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Death To The Ego

Perhaps best known for her book of poetry How To Cure A Ghost, Róisín is currently preparing to publish her novel titled Like A Bird. Making the clear transition from writer to multidisciplinary artist, she intends to release a variety of medium-defying work in the near future. office sat down to talk with the artist on everything from writing and healing to Kendall Jenner.


Tell me a bit about yourself.


I think for a very long time, I would have described myself as a writer. But recently, I started describing myself as a multidisciplinary artist. This year I’m merging and making more visual art, and I decided to make performance art. I’m working on two shows that I just have this vision for, and I’m doing it. I’d also call myself someone who is really invested in healing.


What is the transition from written work to physical?


Writing is a very interesting tool, I’m sure you know. There are many dimensions to writing, and I feel like I was exploring all of them. I’m screenwriting right now, and I’m releasing a novel this year. I just wrote a book of poetry, and I work as a journalist. So clearly, I’m navigating all of these facets, but it didn't feel as if it was the totality of my experiences as a person and artist—and maybe I kind of resent wanting to be distilled down to one thing.


Frankly, I’m so out of the microcosm of the writing world, although I exist in it. I don’t feel community there, and so I think the lack of community has really made me question where I do want to find community. All of the artists that I look up to are multidisciplinary to some degree, and that’s something that really excites me. So the transition has been cool, because I feel like I get to have this visual and more abstract component to this body of work that I’m writing. It’s really fun to be like, “Oh, this is the other facet to my being!” I’m not one thing, I’m many.


Left - Dress by NANUSHKA, jacket by NOMIA NYC, necklaces by PAMELA LOVE + LADY GREY, all other jewelry by LADY GREY

Right - Dress by GANNI, hat by CLYDE, jewelry by LADY GREY, belt stylist's own



You touch on lack of community, and in my opinion, you are a community leader in the writing world. Do you recognize yourself as one of the leaders of a community that might just be growing, because you are speaking out?


I see that question in two parts. I absolutely feel and think it’s necessary to be apart of the community in a way where there is no division, because we are all in this together. I’m genuinely such a corny person. Yesterday I was talking to my landlord, and I was like, “We’re in the midst of a revolution.” We are evolving as a species, and the world is falling apart. It’s burning, and everything is happening, but I am so invested in our future.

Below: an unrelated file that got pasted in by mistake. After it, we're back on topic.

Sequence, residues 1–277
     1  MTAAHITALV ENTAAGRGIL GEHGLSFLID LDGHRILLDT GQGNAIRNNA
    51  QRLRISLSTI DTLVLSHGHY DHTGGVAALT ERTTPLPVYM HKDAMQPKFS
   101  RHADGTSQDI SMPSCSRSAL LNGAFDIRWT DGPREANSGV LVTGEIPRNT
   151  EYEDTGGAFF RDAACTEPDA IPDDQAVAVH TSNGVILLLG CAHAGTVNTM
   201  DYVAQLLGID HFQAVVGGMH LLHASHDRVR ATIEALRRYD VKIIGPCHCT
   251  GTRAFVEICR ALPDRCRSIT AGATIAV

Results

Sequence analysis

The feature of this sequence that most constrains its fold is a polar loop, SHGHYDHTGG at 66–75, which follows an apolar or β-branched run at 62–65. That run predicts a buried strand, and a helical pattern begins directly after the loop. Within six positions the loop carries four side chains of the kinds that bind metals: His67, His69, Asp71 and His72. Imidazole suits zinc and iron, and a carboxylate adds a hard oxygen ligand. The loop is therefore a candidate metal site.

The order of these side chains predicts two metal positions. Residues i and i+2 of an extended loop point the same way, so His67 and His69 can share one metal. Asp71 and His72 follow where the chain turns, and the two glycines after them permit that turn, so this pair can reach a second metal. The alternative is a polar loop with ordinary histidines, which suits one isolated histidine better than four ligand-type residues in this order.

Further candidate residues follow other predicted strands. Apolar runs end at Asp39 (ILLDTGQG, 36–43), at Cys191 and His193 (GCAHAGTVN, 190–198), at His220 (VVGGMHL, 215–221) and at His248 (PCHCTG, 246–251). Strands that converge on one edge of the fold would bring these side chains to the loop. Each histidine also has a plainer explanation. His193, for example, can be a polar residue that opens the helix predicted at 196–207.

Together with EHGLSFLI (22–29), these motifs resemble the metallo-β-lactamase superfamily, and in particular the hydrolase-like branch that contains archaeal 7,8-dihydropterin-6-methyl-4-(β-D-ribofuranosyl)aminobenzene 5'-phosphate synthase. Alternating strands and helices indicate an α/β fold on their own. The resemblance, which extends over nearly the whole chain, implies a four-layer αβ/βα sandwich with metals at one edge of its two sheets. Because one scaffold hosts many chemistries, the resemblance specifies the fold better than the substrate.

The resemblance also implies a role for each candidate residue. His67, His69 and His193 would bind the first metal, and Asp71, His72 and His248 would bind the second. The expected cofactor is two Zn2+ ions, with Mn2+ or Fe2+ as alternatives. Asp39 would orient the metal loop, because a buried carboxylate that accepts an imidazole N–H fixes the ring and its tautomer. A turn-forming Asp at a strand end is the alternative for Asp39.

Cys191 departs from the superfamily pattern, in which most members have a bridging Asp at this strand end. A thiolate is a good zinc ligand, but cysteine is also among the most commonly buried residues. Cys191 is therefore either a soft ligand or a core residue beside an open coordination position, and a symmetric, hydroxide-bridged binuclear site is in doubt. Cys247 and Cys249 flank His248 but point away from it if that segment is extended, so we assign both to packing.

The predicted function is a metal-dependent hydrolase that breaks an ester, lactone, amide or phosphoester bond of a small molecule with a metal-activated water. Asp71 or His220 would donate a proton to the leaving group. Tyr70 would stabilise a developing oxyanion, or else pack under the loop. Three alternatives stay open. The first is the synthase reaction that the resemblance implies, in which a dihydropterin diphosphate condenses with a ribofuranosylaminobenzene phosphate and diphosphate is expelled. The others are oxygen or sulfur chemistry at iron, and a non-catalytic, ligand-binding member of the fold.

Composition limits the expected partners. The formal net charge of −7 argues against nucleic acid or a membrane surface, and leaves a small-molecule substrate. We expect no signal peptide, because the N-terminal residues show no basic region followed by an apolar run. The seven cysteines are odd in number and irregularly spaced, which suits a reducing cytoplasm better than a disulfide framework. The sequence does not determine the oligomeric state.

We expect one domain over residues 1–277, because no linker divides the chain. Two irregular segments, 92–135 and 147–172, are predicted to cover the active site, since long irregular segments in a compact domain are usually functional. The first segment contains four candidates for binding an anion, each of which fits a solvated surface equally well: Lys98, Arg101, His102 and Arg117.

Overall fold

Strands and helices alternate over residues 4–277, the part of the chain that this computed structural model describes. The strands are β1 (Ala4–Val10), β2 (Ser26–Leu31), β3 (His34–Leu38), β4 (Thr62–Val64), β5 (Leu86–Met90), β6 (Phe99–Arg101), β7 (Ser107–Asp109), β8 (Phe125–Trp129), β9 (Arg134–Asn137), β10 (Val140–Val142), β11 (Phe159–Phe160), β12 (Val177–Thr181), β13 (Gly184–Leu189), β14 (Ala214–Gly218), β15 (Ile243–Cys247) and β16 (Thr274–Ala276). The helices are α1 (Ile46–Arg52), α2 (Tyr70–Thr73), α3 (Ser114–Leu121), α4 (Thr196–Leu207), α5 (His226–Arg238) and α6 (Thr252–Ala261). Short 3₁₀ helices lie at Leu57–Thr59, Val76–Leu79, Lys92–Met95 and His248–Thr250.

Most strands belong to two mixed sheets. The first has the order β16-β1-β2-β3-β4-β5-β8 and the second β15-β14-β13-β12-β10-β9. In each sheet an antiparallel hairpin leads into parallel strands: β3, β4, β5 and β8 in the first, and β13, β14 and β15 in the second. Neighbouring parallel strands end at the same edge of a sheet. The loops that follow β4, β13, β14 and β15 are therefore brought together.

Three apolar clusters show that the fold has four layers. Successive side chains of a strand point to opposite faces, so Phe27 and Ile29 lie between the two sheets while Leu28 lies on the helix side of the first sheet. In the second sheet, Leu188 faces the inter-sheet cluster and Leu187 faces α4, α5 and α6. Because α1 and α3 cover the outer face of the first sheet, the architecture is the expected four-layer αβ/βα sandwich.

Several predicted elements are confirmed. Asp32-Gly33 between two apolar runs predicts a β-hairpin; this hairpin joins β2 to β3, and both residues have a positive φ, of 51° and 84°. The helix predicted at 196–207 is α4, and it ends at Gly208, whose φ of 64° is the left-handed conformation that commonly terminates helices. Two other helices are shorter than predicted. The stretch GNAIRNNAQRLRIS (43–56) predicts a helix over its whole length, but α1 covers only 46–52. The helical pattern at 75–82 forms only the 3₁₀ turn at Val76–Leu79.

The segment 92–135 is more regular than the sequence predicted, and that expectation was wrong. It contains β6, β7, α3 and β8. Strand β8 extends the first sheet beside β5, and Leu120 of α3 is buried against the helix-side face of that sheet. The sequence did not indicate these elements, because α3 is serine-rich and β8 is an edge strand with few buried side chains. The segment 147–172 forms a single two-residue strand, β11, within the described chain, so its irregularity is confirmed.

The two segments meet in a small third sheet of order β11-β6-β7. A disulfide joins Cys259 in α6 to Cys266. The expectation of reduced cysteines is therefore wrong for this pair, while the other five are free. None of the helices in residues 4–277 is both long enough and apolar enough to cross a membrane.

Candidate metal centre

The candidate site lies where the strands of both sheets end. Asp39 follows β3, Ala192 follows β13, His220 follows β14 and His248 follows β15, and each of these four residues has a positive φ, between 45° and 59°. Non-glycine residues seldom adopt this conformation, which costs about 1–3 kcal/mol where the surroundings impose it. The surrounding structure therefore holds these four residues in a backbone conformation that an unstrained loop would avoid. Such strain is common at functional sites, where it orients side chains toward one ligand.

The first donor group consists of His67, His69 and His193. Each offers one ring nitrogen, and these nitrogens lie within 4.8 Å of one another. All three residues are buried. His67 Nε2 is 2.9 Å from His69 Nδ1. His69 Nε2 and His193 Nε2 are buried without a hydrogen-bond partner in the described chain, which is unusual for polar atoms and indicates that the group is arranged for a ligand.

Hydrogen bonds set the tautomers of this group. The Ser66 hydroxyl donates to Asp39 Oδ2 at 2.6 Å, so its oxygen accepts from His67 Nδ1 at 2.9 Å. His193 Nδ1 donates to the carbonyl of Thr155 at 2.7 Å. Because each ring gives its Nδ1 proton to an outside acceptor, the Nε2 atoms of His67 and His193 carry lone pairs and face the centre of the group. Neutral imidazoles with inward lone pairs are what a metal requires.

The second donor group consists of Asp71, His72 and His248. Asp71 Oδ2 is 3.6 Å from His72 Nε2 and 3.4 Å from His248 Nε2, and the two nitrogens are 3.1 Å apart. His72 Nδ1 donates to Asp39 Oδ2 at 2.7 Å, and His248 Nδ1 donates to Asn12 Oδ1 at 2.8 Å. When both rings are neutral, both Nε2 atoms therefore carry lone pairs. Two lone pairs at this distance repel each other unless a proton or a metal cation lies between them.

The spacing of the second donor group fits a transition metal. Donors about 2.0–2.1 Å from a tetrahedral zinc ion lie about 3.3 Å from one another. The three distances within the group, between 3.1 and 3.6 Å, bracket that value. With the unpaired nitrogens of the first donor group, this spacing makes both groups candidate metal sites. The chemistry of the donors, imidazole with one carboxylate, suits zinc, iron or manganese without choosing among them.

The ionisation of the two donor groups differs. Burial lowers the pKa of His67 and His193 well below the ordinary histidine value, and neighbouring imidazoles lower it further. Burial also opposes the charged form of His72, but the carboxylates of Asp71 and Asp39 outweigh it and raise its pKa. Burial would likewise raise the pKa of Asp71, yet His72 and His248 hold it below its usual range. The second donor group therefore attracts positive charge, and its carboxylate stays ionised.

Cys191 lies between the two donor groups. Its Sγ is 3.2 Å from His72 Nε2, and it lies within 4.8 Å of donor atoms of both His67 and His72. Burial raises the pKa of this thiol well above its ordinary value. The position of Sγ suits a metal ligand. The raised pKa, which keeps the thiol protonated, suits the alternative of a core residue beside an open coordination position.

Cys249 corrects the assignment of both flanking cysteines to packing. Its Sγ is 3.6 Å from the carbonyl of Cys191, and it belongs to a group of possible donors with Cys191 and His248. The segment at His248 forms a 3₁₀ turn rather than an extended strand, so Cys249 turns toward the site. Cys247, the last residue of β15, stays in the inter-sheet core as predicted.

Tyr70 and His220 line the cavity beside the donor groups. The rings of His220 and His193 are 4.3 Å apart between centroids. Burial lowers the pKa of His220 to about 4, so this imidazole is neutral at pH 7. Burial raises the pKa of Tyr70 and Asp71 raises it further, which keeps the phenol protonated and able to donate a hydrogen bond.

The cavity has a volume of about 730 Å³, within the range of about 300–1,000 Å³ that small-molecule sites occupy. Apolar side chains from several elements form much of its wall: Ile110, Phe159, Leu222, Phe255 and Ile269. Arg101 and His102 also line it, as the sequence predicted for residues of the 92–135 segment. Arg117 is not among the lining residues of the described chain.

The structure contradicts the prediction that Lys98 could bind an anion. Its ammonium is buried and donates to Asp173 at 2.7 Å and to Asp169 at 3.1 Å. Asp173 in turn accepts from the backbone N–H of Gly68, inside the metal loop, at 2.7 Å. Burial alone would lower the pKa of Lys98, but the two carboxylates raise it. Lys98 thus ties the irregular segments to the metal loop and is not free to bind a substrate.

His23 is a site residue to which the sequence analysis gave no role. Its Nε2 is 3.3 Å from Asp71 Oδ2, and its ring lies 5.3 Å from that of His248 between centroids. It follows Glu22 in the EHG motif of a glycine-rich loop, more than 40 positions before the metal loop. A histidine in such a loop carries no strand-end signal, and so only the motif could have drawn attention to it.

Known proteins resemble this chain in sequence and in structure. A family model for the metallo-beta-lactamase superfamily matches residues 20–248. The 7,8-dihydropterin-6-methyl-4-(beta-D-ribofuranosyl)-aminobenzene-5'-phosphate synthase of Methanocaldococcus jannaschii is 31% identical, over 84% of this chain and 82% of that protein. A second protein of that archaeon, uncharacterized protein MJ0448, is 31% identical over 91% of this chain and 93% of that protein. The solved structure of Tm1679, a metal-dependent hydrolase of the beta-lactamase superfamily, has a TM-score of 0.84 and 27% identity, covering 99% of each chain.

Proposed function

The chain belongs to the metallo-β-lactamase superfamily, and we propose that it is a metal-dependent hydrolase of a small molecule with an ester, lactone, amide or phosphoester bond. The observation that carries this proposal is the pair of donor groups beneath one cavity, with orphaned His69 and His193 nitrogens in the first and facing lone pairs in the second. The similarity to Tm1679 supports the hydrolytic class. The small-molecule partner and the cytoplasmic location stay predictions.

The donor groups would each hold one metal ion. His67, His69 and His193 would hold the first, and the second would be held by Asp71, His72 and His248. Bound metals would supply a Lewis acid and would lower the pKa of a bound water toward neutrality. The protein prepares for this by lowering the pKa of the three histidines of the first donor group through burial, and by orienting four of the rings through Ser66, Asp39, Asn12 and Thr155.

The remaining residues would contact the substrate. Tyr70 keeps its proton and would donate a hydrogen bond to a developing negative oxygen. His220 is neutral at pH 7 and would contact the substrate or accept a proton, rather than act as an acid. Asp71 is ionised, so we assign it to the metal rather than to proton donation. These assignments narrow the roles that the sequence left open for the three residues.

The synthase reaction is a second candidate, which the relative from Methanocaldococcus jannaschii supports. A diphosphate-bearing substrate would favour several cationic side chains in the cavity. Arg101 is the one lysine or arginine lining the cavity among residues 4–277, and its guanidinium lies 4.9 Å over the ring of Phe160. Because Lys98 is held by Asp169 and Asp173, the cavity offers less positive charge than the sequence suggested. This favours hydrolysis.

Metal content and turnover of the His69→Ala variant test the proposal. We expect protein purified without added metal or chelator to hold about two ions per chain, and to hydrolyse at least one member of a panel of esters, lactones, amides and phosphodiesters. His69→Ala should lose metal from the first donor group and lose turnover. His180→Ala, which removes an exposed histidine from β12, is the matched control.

We need to start shifting, and we need to keep changing. That means that ego needs to be worked on, and we need to start creating spaces where we are invested in care. There’s not a lot of care in general, so I think I see myself as a beacon for that. I don’t want to just talk my politics on Instagram—I’m actually going to become what I’m saying. I want people to look at me and be like, “Oh shit, that’s what it looks like to have integrity.” I’m opposed to the idea of leadership, but at the same time I know I’m a leader. I really do. Every tarrot reading, every workshop, I fucking get, “You are a leader; you are a healer.” It’s a push and pull.


For anyone in that position I imagine it comes with a lot of rewards, but also frustration. What do you think the connection is between intention and reception?


I think it’s tiresome to see so much dishonesty, and frankly there’s not a lot of dedication beyond an aesthetic or beyond being like, “I’m going to say this on Instagram and be a healer. Love and crystals.” I know I say that in a mocking tone, and I do believe that. But we can’t be doing that anymore. We are really facing an apocalypse. We need to ask how we can shift. There’s a difference between what people think and what they’re willing to do.


The best way that I’ve seen people act is through conflict. How to build a community is through conflict. That’s when you really see if they will stand up for you and say what they think. As a queer brown person, are they going to protect my body? That’s a really moving and interesting way to see how artists in particular really stand by their art. I think that art is a tool to create revolution. So for the people who aren’t doing the work... we can’t be doing that anymore. That’s where the tension lies for me. Why are we all fronting so much? We have to evolve. I think this will be the thing I keep beating over people’s heads.